Quincy April 9 1813
I Send you, a few Lines from the Old Astronomical and Astrological Poet, Manilius, whom you may Some time or other, think it worth your while to read, from curiosity at least.
Sunt autem cunctis permixti partibus ignes;
Qui gravidas habitant fabricantes fulmina nubes;
Et penetrant torras, Ætnamque minantur Olympo;
Et callidas reddunt ipsis in fontibus undas;
Ac Silice in dura, viridique in cortice Sedem;
Inveniunt, cum Sylva Sibi collisa crematur:
Ignibus usque adeo, natura est omnis abundans.
Lib. 1. vs. 850–6.
Now, Mr George, I will give you the most Simple and litteral Translation, that I can make of these Verses, and you Shall Study it and try whether you can correct it, or improve it, or embellish it.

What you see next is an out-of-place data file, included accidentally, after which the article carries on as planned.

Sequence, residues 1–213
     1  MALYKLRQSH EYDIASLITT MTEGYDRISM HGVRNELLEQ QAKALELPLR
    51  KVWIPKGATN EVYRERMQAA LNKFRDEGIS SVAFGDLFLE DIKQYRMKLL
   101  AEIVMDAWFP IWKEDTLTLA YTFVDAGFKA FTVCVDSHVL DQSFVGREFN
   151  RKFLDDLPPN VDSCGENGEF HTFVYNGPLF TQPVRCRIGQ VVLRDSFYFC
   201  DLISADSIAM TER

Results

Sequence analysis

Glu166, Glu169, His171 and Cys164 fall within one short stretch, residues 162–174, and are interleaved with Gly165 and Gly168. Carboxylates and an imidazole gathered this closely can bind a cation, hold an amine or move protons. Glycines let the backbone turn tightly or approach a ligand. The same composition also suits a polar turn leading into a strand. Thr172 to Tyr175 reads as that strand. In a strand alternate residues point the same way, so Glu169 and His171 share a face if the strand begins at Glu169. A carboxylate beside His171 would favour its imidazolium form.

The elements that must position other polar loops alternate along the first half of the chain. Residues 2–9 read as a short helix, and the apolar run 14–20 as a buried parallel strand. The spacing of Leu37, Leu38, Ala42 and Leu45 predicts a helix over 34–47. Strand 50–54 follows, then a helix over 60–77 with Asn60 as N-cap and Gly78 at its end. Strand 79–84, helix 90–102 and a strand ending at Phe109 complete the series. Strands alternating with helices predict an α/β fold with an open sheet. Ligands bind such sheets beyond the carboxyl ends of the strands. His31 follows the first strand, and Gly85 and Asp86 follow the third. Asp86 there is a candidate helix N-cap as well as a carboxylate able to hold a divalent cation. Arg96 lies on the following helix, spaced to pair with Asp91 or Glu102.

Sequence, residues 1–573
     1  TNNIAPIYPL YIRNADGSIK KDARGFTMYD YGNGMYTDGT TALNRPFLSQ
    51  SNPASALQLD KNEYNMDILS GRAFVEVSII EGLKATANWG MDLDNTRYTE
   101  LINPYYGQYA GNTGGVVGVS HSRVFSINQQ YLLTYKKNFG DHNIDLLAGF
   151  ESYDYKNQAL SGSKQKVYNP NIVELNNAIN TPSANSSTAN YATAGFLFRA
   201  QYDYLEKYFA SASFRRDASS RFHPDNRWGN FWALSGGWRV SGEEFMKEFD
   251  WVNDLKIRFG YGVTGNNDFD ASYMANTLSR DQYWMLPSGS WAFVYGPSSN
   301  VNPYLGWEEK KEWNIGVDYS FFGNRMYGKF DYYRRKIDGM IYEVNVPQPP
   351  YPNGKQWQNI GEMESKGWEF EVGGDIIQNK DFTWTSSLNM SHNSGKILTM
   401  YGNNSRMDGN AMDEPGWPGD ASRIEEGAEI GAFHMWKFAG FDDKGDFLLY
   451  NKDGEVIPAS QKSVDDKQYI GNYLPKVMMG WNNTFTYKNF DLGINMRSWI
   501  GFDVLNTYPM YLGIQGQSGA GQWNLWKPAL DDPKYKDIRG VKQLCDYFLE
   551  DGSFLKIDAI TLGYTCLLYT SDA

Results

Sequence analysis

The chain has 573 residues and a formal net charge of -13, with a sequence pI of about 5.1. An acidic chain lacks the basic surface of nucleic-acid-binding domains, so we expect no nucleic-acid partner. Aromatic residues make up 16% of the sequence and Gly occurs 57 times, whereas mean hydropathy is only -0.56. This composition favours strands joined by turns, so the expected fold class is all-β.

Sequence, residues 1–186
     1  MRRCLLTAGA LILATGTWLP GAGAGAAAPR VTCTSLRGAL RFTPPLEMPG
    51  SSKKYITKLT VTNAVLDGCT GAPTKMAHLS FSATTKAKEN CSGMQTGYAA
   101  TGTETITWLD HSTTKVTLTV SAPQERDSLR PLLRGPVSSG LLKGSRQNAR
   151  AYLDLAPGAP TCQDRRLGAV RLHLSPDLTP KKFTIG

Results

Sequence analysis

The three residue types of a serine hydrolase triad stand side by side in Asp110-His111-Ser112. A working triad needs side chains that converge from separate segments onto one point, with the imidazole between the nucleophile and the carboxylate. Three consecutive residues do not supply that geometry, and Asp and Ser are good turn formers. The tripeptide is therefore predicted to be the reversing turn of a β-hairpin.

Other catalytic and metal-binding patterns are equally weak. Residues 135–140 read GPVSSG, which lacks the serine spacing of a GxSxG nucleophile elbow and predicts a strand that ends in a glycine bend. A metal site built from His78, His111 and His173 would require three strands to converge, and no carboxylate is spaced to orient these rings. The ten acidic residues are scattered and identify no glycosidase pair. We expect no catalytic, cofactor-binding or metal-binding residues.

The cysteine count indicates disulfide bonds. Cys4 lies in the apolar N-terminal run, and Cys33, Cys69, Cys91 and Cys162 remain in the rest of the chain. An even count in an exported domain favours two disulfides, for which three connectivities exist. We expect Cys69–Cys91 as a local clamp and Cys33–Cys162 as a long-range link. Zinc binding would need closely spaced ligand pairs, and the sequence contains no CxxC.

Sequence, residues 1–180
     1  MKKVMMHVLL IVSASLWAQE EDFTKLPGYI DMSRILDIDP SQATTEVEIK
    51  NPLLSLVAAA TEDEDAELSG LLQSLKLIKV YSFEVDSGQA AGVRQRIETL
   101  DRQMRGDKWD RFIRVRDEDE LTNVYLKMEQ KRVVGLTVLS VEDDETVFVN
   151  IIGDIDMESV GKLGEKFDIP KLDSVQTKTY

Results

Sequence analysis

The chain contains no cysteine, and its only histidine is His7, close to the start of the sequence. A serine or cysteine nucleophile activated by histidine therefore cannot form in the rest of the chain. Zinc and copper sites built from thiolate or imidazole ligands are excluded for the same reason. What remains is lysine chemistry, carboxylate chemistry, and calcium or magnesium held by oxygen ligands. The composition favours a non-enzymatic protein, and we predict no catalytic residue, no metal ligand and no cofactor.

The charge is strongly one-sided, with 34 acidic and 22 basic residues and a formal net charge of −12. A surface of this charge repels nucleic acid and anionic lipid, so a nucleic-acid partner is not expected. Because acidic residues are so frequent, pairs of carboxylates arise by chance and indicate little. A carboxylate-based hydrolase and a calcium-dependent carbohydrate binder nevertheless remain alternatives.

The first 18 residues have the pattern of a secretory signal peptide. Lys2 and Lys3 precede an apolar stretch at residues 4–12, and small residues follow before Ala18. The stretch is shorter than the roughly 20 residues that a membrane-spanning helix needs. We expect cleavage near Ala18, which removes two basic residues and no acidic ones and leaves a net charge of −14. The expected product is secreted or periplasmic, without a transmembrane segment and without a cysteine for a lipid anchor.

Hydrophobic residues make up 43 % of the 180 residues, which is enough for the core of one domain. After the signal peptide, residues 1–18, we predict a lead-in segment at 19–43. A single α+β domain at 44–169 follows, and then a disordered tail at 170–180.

But Fires are intermingled in all Parts; which inhabit the heavy clouds fabricating thunderbolts, and penetrate the earth, and menace Etna against Olympus; and render the Waters hot, even in Springs; and find a Seat, in the hard flint, and even in the green bark, when Wood rubbed against itself is Set on fire. To Such a degree is all Natura abounding in Fires.
And what, my dear Boy, could a modern Chymist Say more, excepting the Use of the Word Calorie, instead of Fires.
You must write your Translation, to your Grandfather
MHi: Adams Papers.